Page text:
The U.S. Food and Drug Administration (FDA) has expanded the approval of Herceptin® (trastuzumab) to include the initial treatment of HER2-positive metastatic cancer of the stomach or gastroesophageal junction in combination with chemotherapy.
Herceptin is a targeted therapy that has made important contributions to improved outcomes among women with HER2-positive breast cancer. HER2 is also overexpressed in some stomach cancers. The HER2 pathway is a biological pathway involved in cellular replication and growth. Herceptin targets and blocks the HER2-protein and is used for the treatment of both early-stage and more-advanced HER2-positive breast cancer.
The safety and efficacy of Herceptin among patients with HER2-positive advanced and inoperable stomach cancer was evaluated in the ToGA study, an international Phase III clinical trial among 594 patients. The ToGA study demonstrated an improvement in survival for HER2-positive patients who underwent treatment with Herceptin combined with chemotherapy compared with chemotherapy alone.  Half the patients were treated with chemotherapy alone, and half the patients were treated with chemotherapy plus Herceptin. Chemotherapy consisted of a fluoropyrimidine (Xeloda® [capecitabine] or 5-FU) and cisplatin.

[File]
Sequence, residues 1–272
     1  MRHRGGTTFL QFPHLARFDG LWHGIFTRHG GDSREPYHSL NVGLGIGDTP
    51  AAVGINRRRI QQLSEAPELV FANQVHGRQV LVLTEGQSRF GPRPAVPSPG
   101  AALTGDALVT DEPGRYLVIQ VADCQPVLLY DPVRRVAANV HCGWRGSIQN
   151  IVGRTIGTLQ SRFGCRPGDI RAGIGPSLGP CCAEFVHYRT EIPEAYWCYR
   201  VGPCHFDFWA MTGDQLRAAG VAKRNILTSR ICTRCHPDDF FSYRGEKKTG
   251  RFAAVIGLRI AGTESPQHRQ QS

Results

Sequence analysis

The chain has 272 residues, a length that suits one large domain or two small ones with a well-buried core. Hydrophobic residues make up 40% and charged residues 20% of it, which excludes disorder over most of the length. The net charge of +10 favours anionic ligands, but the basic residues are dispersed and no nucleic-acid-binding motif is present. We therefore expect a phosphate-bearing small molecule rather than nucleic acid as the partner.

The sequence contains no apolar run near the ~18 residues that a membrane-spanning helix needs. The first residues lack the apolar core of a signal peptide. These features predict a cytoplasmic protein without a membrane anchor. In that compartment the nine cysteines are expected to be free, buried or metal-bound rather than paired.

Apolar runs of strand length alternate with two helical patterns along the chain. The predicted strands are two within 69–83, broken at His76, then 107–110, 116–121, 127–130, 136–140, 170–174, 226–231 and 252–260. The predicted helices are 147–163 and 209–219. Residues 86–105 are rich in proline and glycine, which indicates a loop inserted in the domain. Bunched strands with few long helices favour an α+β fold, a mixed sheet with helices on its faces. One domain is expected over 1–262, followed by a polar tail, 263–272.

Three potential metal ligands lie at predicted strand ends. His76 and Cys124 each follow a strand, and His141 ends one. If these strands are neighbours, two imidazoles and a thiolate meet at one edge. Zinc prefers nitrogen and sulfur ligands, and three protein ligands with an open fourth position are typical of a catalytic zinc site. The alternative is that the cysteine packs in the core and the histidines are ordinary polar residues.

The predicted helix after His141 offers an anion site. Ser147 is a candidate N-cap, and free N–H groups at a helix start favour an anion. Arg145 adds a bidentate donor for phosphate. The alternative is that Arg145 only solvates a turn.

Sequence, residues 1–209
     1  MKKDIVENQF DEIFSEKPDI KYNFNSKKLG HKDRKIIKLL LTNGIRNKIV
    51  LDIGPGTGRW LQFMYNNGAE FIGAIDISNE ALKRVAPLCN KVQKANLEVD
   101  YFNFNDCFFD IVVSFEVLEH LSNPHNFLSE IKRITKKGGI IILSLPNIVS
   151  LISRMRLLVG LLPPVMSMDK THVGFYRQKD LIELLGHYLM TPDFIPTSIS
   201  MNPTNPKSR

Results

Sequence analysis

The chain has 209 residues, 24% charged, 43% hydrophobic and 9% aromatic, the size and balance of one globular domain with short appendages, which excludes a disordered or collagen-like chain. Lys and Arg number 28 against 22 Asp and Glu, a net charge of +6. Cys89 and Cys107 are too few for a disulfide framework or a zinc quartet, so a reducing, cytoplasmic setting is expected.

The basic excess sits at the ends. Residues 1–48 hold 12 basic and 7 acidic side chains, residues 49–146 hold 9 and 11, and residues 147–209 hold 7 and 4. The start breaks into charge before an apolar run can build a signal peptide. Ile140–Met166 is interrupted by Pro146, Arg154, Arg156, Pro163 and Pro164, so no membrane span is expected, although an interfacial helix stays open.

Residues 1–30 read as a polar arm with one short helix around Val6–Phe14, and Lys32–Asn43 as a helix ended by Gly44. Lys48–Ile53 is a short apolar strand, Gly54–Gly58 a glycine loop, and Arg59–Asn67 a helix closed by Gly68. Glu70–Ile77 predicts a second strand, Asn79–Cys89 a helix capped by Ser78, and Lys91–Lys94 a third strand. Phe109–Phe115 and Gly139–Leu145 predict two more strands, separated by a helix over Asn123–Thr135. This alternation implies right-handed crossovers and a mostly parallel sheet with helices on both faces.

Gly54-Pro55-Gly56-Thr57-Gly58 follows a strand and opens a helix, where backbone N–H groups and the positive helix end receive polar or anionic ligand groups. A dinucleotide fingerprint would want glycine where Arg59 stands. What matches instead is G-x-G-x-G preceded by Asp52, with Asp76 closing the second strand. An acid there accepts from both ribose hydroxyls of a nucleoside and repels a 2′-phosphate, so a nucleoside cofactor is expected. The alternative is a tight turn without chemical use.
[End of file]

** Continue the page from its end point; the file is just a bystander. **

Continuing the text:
Based on these results, the FDA expanded the approval of Herceptin in combination with chemotherapy to include HER2-positive metastatic stomach cancer patients who had not received prior treatment for metastatic disease.
 Bang Y-J, Van Cutsem E, Feyereislova A et al.. Trastuzumab in combination with chemotherapy versus chemotherapy alone for treatment of HER2-positive advanced gastric or gastro-oesophageal junction cancer (ToGA): a phase 3, open-label, randomised controlled trial. Lancet. 2010; 376:687-697.